On August 1, 2014 the Moderate Resolution Imaging Spectroradiometer (MODIS) aboard NASA’s Terra satellite captured this true-color image of newly born Tropical Storm Iselle as it was intensify in the eastern Pacific Ocean. At the time the image was captured, the storm had developed a distinct although partially cloud-filled eye, and sported a tightening apostrophe shape.
About seven hours later, at 0300 UTC on August 2 (8:00 p.m. on Aug 1PDT), the National Hurricane Center (NHC) announced that Iselle had reached hurricane status, with winds of 75 mph (120 km/h). By 2100 UTC that same day (2:00 p.m. PDT), maximum sustained winds had reached 100 mph (155 km/h), making Iselle a Category 2 hurricane on the Saffir-Simpson wind scale. It was located 1675 mi (2695 km) east of Hilo Hawaii and was travelling west at 9 mph (15 km/h). Strengthening continued and on August 3 the storm became a major hurricane, with winds of 115 mph (185 km/h). Winds peaked near 140 mph (220 km/h) on August 4, as Iselle continued to track towards Hawaii as a Category 4 hurricane.
Fortunately the storm ran into wind shear and unfavorable conditions, and began to slowly weaken on August 5. However, Iselle maintained hurricane status as it churned relentless towards Hawaii – until 0900 UTC (11:00 p.m. HST) on August 8, when winds finally dropped to 70 mph (110 km/h). At that time, the storm was only 50 mi (80 km) south of Hilo, Hawaii.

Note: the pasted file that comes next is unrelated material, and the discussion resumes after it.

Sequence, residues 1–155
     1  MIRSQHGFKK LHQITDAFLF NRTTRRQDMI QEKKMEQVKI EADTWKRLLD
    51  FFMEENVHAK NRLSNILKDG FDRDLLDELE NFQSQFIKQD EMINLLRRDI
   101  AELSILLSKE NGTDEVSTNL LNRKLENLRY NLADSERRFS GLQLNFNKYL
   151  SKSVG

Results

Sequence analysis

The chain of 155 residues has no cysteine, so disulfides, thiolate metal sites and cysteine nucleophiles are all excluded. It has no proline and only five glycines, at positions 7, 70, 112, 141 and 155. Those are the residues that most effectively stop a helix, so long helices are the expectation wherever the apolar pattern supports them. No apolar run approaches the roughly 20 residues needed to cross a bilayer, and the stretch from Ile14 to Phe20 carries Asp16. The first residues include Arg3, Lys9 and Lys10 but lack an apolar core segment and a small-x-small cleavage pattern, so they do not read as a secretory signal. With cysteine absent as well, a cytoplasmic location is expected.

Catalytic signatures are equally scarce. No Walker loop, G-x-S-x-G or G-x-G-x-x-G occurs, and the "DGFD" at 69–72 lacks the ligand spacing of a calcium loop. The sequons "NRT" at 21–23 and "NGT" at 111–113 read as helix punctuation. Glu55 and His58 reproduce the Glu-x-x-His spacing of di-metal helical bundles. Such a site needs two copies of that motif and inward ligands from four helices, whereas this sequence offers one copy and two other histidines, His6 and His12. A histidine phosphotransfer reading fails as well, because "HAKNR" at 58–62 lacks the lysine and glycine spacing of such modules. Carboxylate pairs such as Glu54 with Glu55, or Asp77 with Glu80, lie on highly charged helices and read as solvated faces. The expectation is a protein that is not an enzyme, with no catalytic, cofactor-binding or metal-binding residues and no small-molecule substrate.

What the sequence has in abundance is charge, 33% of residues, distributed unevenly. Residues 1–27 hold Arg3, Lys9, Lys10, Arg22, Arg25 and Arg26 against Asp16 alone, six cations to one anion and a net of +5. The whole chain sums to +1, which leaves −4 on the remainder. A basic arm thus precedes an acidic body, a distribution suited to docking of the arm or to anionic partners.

Iselle move ashore near Pahala, HI on August 8 as a tropical storm, with maximum sustained winds of 60 mph (100 km/h) according to the Central Pacific Hurricane Center (CPHC). Tropical storm warnings remained in effect for Hawaii County, Maui County (including the islands of Maui, Molokai, Lanai and Kahoolawe), Oahu and Kauai County through 8 p.m. local time that day.
While no longer the major hurricane of earlier in the week, strong winds and heavy rains buffeted the Hawaiian Islands. Local media reported downed trees, damages to roofs and power outages – but initial assessments did not report injuries or deaths. Authorities are urging caution and vigilance, as flooding and road closures could occur as the storm continues to dump rain in some areas.
Iselle is expected to continue to weaken over the next few days, slowly becoming a remnant low as it moves well away from the islands. As Iselle moves away, Hurricane Julio continues to approach Hawaii as a Category 2 storm. Julio is expected to closely skirt Hawaii, moving north of the islands as it weakens over the next several days.